Over the years, alternatives to quickly end emotional discomfort have been arising. Drugs appeared, which are being consumed at increasingly young ages. There are kids who at 12 or 13 are smoking joints, which is another way to quickly end this emotional discomfort. And within the range of options, self-harm has emerged in recent years: many kids tell us that they started to harm themselves because a classmate did it, or they saw it on social media; and there are kids who don’t experience anything but pain when they do it, but others feel pleasure, relief, and it is an effective measure for them. However, scientific evidence tells us that when they begin this pattern of repeated self-injury, the risk of them becoming suicidal injuries greatly increases.

Q. It is a gateway to suicide, then.

A. Right. You see that you’re losing control, that your family finds out and, usually, the family doesn’t have the capacity to understand this behavior and experiences it as a wake-up call. This makes you feel worse for doing it. There can be a paradoxical effect: I use it because they are bullying me and I feel marginalized, but they end up marginalizing me even more because they see me as weird; that’s how suicide ends up entering the equation.

Q. How true is the notion that they do it to draw attention?

A. There is such a high heterogeneity in this type of behavior... I suppose there will be some cases that do use it to attract attention. Our patients often do it to get attention or to communicate that they are emotionally overwhelmed. But when they say “to draw attention,” they do it with contempt; it’s as if you’re telling them that they are a fraud, and that is the mistake.

Q. When in doubt, how should people respond to these situations?

A. I have been visiting teenagers for quite a few years and I have learned one thing: you don’t know anything. And this is what you have to communicate to the teenager, that you have no idea what they’re going through and that you are really curious for them to tell you. Some therapists talk about the Columbo attitude [the apparently absent-minded detective from the television show], because by showing curiosity and acting like you know knowing, you end up knowing everything. When in doubt, with a teenager, don’t think that they want to die and are depressed, and don’t think that they are manipulating you: show curiosity.

Q. What is the weight of trends and the imitation effect on these behaviors?

A. In adolescence, it’s tremendous. When you are growing up there is an identity crisis, and the need to find yourself is more marked. And it is very common for kids to do things to be like the influencers, the youtubers... at these ages one tends to be gregarious, and the imitation effect is present in all of these phenomena.

Q. Are you worried about these viral challenges that put their health at risk, such as the blue whale game?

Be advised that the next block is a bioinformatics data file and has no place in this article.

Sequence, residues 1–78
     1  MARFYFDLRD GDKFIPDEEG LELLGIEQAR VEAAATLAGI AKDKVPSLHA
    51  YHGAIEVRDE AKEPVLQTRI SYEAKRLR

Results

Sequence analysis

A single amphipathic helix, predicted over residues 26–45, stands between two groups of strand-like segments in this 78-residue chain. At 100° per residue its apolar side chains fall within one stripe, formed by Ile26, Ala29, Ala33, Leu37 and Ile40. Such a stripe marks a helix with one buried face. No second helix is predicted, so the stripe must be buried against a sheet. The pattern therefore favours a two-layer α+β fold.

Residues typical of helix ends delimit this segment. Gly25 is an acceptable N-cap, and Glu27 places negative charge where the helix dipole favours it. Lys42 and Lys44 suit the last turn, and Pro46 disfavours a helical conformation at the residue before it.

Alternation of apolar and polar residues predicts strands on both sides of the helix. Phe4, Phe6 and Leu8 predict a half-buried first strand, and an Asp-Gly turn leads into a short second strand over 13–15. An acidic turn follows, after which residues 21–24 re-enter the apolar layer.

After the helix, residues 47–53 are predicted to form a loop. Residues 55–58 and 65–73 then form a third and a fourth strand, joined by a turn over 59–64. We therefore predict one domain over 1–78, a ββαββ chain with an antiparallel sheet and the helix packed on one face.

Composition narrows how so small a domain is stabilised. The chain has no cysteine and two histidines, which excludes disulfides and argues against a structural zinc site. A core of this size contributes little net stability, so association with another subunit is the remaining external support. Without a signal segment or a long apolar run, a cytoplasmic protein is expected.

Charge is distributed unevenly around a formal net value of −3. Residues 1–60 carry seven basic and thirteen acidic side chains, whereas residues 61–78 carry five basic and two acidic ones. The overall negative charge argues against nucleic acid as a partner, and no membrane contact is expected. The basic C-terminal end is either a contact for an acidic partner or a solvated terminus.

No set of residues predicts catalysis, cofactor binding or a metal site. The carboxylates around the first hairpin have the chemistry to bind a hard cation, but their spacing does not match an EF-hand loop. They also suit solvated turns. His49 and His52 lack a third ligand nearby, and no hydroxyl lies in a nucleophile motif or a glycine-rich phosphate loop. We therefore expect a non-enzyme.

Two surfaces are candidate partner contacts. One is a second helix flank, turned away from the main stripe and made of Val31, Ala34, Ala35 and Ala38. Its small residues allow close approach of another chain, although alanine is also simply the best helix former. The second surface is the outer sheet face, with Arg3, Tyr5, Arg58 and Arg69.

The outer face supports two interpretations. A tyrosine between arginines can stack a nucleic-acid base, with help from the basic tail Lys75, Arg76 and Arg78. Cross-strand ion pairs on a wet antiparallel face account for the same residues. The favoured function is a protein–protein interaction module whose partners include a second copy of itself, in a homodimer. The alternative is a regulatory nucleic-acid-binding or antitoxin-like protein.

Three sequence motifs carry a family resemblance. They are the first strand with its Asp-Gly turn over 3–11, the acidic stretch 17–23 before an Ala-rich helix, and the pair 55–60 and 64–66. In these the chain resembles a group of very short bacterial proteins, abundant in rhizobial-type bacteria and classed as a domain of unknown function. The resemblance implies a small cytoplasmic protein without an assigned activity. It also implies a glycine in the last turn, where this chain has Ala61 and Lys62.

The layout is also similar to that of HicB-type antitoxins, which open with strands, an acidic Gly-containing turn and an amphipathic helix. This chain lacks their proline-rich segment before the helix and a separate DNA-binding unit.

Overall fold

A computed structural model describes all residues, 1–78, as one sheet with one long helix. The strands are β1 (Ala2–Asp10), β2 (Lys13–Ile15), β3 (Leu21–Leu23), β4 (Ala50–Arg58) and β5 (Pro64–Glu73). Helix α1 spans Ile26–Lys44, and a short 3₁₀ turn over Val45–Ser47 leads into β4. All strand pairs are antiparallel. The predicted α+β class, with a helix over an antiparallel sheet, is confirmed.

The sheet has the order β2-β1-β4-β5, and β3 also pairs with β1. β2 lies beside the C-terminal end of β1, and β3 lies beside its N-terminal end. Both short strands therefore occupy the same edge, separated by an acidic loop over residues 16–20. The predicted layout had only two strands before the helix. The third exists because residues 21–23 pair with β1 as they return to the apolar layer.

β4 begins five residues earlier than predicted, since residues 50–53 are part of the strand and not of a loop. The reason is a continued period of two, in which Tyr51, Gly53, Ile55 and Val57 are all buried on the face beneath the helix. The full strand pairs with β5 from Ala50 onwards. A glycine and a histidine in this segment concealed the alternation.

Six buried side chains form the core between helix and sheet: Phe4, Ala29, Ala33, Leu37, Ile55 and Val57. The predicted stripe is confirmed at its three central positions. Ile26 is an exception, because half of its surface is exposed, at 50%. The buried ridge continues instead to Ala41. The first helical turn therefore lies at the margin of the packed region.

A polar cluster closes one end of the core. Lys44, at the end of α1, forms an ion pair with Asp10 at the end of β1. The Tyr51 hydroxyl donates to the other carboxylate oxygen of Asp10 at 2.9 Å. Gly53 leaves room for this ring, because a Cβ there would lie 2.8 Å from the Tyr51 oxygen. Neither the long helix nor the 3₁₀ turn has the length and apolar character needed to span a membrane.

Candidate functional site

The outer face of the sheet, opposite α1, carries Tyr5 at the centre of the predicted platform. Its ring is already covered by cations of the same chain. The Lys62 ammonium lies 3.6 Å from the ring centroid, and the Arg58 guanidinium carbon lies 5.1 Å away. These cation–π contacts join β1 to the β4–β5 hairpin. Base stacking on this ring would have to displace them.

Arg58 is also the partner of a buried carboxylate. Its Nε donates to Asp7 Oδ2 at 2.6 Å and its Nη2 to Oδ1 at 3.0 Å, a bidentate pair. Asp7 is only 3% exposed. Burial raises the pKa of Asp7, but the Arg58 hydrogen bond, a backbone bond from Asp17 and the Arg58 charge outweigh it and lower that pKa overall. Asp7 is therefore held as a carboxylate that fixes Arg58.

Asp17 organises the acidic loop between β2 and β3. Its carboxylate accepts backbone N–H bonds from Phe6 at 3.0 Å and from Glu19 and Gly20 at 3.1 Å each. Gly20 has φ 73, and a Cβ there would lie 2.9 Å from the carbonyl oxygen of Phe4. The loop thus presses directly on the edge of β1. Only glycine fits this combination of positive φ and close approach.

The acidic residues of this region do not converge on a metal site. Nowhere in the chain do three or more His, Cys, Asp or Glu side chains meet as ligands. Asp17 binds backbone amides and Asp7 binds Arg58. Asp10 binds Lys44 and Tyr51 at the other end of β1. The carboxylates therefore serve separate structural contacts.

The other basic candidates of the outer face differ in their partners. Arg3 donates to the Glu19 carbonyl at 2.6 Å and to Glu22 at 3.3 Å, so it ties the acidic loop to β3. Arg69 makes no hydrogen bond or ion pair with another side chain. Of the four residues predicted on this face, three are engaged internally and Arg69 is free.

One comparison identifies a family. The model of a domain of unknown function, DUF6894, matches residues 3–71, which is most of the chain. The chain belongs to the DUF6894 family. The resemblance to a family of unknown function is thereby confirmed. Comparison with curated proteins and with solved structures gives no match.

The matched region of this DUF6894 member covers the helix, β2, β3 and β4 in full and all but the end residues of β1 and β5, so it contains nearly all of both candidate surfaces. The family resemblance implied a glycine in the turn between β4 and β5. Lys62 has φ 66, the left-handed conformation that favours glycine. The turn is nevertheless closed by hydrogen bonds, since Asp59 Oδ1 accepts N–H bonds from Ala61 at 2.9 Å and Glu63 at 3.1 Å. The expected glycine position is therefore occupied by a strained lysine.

A. We try not to be alarmists and to evaluate these phenomena well, because sometimes they appear and disappear with astonishing speed. What concerns us most is that we have to be very close to them to be aware.

Q. Is the concept of death trivialized at these ages?

A. It’s this romantic thing about death and life, which is basically linked to relational stress. In this relational stress, great sadness appears, and then comes the flirtation with death. But there is no clear awareness. An adult has a brain that is more mature overall and can assimilate the concept of life and death much better. Clearly, when a teenager reaches 16 or 17 years of age, they already have more capacity, but brain maturation does not end until age 25. The life-death concept that they have is not the same as ours.

Q. What happens to make that leap towards a suicide attempt? Is there always an underlying pathology, or is impulsivity the great enemy?

A. In adolescence, both situations occur. A psychopathology as such, that is, the disorder, which would be a bipolar disorder, schizophrenia, a depressive disorder... If you have a psychosis, you are disconnected from reality; in depression, you are not disconnected, but there is a distortion of reality, you see things worse than they really are. And then, apart from this, teenagers have an emotional instability and impulsivity that makes them especially at risk for this type of situation. And, by harming themselves, at some point they go from being non-suicidal to being suicidal, as a result of the situation becoming more complicated.

Q. What role did the pandemic actually play in the rise of self-harming behavior and poor adolescent mental health?

A. I am convinced that this phenomenon was already underway before. The pandemic was a major stressor; however, in our study, the rise of the curve is independent of the variables related to the pandemic.

Q. In adults, more men than women die by suicide because they use more drastic methods, but in the case of adolescents, they are at 50%. Why?

A. Because suicidal behavior in adolescence is different from that of adults; it is much more linked to impulsivity, and impulsivity equals unpredictability.

Q. How do socioeconomic variables influence poor mental health?

A. They are key. These behaviors can appear in upper or lower class; the question is how the environment responds. There is some advice that can help: when you see this, validate it. Don’t judge them, listen to them, give them time, talk. If this is not possible, if the family is broken or if there is an abusive parent, a corrective response cannot be expected. Instead, the situation often gets worse.